News Feature | June 26, 2014

$800,000 HIPAA Settlement In Medical Records Dumping Case

Christine Kern

By Christine Kern, contributing writer

Medical Records Dumping Case

Parkview Health agrees to pay $800K and institute a corrective action plan as a result of HIPAA violations.

Fort Wayne, IN-based Parkview Health System has agreed to settle potential HIPAA privacy rule violations of the Health Insurance Portability and Accountability Act of 1996 (HIPAA) Privacy Rule with the U.S. Department of Health and Human Services Office for Civil Rights (OCR) by paying $800,000 and adopting a corrective action plan to address deficiencies in its compliance program.

Parkview is a nonprofit health care system that provides community-based health care services to individuals in northeast Indiana and northwest Ohio. According to a resolution agreement, the corrective action plan requires Parkview to revise its policies and procedures, train staff, and provide an implementation report to OCR, which opened an investigation of Parkview after receiving a complaint from a retiring physician.

OCR opened an investigation after receiving a complaint from a retiring physician alleging that Parkview had violated the HIPAA Privacy Rule. In September 2008, Parkview took custody of medical records pertaining to approximately 5,000 to 8,000 patients while assisting the retiring physician to transition her patients to new providers, and while considering the possibility of purchasing some of the physician’s practice.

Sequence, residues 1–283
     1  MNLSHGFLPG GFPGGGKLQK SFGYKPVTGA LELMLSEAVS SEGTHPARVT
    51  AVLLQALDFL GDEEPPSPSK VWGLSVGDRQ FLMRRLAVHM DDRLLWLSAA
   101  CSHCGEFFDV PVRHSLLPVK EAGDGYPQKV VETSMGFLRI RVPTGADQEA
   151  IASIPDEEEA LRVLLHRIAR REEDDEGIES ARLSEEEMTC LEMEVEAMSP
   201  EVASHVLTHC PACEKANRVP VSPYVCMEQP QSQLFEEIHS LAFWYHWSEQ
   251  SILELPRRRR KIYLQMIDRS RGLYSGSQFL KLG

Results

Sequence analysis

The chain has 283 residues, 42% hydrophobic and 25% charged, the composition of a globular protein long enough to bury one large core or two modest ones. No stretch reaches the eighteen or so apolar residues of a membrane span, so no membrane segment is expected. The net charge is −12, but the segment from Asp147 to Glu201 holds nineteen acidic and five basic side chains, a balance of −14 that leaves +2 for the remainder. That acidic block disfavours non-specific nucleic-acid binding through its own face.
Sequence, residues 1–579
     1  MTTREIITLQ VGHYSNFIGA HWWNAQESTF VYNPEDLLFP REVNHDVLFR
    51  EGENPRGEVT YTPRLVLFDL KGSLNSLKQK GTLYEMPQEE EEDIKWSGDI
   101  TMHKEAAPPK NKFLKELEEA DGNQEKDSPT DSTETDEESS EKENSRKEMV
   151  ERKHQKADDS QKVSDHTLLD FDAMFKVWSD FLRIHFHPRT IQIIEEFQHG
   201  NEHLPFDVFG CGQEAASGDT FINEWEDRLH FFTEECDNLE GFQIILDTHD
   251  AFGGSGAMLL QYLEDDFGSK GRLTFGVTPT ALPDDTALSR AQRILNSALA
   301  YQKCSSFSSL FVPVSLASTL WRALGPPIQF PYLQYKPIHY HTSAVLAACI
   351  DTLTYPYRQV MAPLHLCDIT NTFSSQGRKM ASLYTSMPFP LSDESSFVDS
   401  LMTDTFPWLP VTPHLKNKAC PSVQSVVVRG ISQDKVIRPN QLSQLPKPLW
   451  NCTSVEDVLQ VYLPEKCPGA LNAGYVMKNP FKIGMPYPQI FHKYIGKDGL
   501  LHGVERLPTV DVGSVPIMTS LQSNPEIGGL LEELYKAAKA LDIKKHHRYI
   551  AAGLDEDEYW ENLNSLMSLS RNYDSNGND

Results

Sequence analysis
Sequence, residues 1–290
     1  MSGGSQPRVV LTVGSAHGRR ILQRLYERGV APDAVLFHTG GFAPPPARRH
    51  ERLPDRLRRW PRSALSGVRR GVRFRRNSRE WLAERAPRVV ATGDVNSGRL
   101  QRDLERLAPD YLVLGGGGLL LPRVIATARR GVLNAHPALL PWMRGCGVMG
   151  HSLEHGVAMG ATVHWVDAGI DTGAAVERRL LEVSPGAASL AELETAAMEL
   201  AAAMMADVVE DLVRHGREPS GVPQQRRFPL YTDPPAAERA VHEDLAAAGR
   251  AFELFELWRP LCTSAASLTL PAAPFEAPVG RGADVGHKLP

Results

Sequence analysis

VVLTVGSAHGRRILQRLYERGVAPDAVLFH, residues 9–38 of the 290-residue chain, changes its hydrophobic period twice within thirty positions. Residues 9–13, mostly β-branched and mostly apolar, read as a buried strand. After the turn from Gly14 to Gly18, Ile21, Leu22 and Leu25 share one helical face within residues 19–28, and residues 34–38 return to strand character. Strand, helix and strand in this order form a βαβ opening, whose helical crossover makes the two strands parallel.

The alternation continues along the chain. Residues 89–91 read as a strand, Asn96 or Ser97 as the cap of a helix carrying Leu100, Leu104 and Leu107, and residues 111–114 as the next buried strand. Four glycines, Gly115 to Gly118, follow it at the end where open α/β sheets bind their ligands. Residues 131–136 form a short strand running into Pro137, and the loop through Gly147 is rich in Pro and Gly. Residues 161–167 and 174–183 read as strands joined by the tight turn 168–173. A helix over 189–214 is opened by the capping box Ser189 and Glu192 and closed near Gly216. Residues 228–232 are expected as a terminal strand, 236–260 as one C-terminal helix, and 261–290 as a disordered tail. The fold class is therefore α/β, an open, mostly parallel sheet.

On June 4, 2009, Parkview employees, with notice that the physician was not at home, left 71 cardboard boxes of these medical records unattended and accessible to unauthorized persons on the driveway of the physician’s home, within 20 feet of the public road and a short distance away from a heavily trafficked public shopping venue.

Fort Wayne Business Weekly said the doctor, Christine Hamilton, notified Parkview she was refusing delivery and would not be home on June 4, 2009 when the documents were left on the doctor’s driveway. Hamilton filed the HIPAA complaint less than a week later.

As a covered entity under the HIPAA Privacy Rule, Parkview must appropriately and reasonably safeguard all protected health information in its possession, from the time it is acquired through its disposition.

“All too often we receive complaints of records being discarded or transferred in a manner that puts patient information at risk,” said Christina Heide, acting deputy director of health information privacy at OCR. “It is imperative that HIPAA covered entities and their business associates protect patient information during its transfer and disposal.”

The resolution agreement emphasizes that the HIPAA settlement is not an admission of liability by Parkview. In addition, the agreement “is not a concession by HHS that Parkview is not in violation of the Privacy Rule and not liable for civil money penalties.”

Parkview cooperated with OCR throughout its investigation. In addition to the $800,000 resolution amount, the settlement includes a corrective action plan requiring Parkview to revise their policies and procedures, train staff, and provide an implementation report to OCR.